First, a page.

There are certain players within the English game that are protected without hesitation, yet sadly, there are those that are not. Harry Kane can have some terrible performances, be involved in some dangerous play (his move to send defenders head first over his back), yet little will be made of it from the media. The England captain appears beyond criticism, and much like Liverpool’s own Jordan Henderson, anything negative said (even by myself), can be met with a volley of discontent. Jack Grealish is the £100 million pound man that has drifted through much of his City games, yet will rarely be mentioned in any negative manner. Raheem Sterling, however, will consistently be England’s best player, yet still somehow end up the target for absurd negativity, football related or not.
I was going to simply produce a player rating opinion piece on Sunday, and start work on another article to submit ready for the next day. The away trip to Old Trafford was in my thoughts and I didn’t want to deviate away from that game and my ratings. It was the previous few days that altered this, and my mind could not escape the continued and unfair criticism that kept finding its way to a Liverpool players feet.
As I watched the Manchester United v Liverpool game unfold, I saw Naby Keïta, a player I have longed to succeed, produce a breathtaking performance to take away the Red Devils’ hopes in this game. A player of such startling talent with a clear love of the game (unlike Pogba, the man that injured him later in the game), was gliding through the match, despite such negative comments made about him in the week.
It was last week that saw Jordan Henderson, James Milner and Naby Keïta all struggle to cope with the hostility and talent of Atletico Madrid, but it seemed the only negative comments were aimed at the little Guinean, Keïta. Despite scoring a wonder goal in this very game (and having a very good season thus far), the narrative soon had Naby in Klopp’s crosshairs, despite the managers emphatic denial. And so the agenda was set, and even on the radio prior to a Sunday’s game, there were mentions of Naby’s lacklustre performance in Spain. There seemed a non stop desire to only highlight the blemish once more, instead of talking about the large portion of brilliance, that Keïta had produced this season.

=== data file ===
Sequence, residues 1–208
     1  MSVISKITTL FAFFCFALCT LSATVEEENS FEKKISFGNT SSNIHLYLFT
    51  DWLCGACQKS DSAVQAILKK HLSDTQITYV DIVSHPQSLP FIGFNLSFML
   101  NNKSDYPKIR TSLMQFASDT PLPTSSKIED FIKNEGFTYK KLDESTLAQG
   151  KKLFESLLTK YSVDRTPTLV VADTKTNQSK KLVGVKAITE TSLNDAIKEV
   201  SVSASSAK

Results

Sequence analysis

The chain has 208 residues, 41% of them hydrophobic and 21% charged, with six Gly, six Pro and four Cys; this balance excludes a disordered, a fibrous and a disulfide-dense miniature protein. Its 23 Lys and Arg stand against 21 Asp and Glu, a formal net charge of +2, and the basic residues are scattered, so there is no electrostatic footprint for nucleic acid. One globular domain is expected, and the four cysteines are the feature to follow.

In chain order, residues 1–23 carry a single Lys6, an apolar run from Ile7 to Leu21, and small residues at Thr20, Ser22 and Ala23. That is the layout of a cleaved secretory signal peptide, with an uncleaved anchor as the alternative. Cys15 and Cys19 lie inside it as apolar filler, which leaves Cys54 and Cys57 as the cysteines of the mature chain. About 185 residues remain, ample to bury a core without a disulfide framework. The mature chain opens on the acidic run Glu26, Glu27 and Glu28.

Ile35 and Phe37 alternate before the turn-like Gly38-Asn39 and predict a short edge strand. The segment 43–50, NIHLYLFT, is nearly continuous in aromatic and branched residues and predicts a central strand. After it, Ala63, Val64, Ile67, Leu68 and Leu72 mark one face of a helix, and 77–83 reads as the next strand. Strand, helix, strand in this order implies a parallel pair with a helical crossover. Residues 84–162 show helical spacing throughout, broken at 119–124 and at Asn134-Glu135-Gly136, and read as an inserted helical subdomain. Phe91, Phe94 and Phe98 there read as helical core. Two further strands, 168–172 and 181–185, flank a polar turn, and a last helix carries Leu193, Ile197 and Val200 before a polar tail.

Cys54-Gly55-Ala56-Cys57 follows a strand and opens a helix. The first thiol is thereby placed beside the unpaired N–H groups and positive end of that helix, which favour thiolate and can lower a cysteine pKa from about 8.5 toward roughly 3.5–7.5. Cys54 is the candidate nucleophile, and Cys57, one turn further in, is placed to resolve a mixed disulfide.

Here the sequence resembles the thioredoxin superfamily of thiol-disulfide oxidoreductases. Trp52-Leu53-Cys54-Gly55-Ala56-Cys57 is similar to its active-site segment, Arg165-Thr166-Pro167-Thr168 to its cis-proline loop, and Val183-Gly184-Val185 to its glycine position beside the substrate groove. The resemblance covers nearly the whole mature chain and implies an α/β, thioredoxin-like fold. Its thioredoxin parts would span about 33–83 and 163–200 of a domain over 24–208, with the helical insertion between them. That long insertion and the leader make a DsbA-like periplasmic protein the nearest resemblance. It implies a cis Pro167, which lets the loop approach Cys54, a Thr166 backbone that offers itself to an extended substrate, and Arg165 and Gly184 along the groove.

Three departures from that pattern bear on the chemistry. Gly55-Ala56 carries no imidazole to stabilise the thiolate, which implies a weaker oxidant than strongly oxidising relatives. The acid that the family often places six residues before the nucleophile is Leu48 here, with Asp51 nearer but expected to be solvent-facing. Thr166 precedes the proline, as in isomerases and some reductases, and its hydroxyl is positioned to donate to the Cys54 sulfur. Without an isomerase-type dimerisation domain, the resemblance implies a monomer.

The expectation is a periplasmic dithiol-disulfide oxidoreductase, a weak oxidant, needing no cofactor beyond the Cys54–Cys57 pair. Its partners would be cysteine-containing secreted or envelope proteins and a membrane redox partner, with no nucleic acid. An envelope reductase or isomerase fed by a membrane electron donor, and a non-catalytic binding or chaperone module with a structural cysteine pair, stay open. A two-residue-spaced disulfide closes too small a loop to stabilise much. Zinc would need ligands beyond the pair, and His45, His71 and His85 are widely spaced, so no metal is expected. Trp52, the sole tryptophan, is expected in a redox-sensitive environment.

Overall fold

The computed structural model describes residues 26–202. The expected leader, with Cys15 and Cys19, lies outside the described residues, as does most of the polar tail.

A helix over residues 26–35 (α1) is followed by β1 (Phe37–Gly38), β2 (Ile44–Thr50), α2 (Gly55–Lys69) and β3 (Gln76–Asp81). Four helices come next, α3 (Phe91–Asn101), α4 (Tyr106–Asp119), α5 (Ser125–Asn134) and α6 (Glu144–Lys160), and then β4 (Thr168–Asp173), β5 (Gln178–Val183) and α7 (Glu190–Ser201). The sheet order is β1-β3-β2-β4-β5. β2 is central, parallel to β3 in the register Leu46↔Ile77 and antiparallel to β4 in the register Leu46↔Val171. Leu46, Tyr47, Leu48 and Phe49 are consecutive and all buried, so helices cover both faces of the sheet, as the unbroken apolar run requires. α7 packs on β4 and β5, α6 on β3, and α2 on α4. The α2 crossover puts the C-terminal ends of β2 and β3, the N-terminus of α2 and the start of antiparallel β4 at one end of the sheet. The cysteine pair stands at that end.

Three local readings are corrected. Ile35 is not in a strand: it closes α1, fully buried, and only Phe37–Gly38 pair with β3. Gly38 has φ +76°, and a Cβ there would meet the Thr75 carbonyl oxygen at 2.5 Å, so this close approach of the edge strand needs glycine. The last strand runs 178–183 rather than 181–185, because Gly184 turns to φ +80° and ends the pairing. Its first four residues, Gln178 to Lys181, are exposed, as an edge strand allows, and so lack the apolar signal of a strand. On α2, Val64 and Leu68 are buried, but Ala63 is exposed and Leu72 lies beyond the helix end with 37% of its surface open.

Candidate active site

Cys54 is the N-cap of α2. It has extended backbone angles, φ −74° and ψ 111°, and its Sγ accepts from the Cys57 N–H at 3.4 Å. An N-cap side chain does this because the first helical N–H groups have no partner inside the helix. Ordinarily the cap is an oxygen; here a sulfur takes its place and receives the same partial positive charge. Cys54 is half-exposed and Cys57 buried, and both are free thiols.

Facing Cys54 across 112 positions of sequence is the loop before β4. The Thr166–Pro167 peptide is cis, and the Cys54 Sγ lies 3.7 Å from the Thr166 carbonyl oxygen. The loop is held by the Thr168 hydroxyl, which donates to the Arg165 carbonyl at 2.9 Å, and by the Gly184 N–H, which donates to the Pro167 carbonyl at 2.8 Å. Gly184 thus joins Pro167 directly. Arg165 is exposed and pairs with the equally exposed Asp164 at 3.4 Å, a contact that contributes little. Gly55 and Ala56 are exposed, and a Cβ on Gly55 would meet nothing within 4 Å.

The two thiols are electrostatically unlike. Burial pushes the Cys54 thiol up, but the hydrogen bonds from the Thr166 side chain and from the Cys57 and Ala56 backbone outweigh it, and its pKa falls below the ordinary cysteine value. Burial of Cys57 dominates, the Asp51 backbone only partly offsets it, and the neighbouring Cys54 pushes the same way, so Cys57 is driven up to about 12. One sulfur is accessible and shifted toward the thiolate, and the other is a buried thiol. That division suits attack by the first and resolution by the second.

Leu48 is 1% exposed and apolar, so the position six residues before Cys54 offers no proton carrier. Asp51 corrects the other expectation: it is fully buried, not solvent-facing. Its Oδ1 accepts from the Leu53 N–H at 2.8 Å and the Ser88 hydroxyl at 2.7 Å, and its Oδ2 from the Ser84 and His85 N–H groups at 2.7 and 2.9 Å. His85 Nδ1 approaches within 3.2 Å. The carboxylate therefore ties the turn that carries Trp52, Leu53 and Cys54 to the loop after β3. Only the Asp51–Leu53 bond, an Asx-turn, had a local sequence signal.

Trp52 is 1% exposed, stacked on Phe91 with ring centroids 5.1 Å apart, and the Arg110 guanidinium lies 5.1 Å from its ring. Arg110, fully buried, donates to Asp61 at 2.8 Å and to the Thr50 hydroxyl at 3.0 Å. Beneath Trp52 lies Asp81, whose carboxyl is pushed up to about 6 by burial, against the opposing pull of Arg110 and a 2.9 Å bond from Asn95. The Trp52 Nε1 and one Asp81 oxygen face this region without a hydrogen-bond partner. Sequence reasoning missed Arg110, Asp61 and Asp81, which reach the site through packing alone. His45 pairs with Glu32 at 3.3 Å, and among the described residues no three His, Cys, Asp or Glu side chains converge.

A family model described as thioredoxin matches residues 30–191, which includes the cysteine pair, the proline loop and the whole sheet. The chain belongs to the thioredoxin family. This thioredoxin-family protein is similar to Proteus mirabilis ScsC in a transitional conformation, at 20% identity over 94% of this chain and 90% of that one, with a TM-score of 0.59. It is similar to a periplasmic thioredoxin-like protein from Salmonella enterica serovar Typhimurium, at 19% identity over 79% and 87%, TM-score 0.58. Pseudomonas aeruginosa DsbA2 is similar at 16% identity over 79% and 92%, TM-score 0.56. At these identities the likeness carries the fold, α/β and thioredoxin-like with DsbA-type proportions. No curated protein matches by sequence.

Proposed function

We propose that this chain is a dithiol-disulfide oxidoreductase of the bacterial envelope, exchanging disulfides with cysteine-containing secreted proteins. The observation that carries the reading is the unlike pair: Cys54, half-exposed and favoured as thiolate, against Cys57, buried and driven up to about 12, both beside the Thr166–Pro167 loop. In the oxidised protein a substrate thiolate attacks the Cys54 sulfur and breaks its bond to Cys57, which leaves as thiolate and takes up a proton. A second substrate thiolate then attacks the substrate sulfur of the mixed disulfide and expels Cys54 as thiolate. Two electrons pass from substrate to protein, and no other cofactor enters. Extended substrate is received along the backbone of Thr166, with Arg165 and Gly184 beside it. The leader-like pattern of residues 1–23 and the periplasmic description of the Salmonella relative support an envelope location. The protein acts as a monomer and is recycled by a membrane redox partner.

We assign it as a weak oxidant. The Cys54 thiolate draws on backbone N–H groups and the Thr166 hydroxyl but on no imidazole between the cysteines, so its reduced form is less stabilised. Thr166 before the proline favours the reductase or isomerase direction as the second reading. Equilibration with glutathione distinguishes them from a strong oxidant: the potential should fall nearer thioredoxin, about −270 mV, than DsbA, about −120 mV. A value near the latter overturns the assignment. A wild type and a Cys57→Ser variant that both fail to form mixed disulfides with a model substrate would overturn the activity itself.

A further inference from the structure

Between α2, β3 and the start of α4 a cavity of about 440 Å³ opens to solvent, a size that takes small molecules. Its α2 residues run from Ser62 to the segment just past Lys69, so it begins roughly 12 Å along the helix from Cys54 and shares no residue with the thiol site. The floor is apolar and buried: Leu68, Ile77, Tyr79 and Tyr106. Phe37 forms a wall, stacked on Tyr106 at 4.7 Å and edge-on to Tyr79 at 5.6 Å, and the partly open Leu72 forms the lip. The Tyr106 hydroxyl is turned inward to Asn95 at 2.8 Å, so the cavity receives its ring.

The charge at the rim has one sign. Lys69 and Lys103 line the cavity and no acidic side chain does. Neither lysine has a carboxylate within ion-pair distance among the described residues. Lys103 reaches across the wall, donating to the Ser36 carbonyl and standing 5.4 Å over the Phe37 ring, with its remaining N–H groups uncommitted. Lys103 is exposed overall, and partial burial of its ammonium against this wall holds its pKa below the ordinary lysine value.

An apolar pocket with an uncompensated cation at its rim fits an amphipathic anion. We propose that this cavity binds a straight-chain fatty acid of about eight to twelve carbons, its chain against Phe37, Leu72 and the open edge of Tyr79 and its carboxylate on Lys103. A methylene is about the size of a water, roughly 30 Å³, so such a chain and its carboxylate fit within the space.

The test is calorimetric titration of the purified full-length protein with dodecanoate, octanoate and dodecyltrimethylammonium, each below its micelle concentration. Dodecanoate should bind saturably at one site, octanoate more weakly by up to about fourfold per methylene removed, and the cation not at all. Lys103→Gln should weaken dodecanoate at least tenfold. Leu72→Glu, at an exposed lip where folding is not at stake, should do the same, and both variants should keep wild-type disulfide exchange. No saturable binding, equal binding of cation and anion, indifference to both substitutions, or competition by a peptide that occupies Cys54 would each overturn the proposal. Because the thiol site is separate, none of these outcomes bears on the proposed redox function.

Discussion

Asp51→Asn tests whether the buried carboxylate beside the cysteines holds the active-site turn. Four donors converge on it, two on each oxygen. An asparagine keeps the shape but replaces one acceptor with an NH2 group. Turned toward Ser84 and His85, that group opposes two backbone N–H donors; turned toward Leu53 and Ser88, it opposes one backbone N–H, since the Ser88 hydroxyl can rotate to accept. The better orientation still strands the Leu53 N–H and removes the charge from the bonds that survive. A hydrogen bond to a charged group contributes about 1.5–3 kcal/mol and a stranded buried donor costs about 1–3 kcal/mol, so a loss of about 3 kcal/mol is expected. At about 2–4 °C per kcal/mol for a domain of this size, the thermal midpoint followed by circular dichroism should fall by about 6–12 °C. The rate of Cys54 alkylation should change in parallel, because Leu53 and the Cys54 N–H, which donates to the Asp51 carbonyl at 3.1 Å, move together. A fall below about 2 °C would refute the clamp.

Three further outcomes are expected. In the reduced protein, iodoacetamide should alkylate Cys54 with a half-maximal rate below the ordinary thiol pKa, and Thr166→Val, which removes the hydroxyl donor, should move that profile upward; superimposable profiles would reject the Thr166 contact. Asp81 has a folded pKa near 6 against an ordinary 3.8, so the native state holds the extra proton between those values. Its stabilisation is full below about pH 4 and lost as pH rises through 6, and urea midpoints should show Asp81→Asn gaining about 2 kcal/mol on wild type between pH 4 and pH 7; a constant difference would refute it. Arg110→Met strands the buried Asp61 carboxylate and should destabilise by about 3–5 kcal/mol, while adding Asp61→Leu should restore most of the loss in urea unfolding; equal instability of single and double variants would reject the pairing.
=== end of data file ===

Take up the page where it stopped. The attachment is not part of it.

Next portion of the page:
Naby Keïta strikes me as a wonderful young man, a truly gifted performer, and someone that has been cruelly criticised throughout much of his Liverpool career, by certain voices in the media. The Anfield Index team that produce ‘The Scouted’ podcast, stated Naby was sitting on a 70% win ratio, for games he had played in for the reds. This is a staggering number, and the sort of positivity that is rarely heard from the mainstream media. The nonsense and propaganda pieces on certain players needs to cease, and opinions be delivered without agenda. Players and managers should always be held accountable for bad performances, yet we need to celebrate and congratulate the moments that truly deserve mention. Naby has suffered injuries, that cannot be denied, yet his wish was never to be unavailable, and his contributions have been staggering at times, though commonly ignored. Too often, journalists have preferred to wait, intent on writing about the moments of negativity, instead of the opposite.
In a social media world where ‘clicks’ and Piers Morgan style comments can create debate, the negative area of discussion has now become the stomping ground for too many. When Apollo 13 took to the skies, the coverage of this remarkable moment was sparse, yet when there was a problem, the media could not scramble quick enough. Controversy will always sell papers, yet the notion that football should be about negativity, is a detriment to the beautiful game. In a world so torn from freedom, split by both hate and believe, and has undergone its most difficult period in the modern era, we must surely celebrate these young athletes, rather than look to tear them down.
To applaud and encourage is not to show weakness, but is a sign of consideration in thought. After the exploits of Sunday’s game (and the performance of such a magnificent player), Naby Keita can hopefully start to enjoy a period of support. Instead of continually having to prove people wrong, imagine the levels this little Guinean could reach, if we all got be behind him.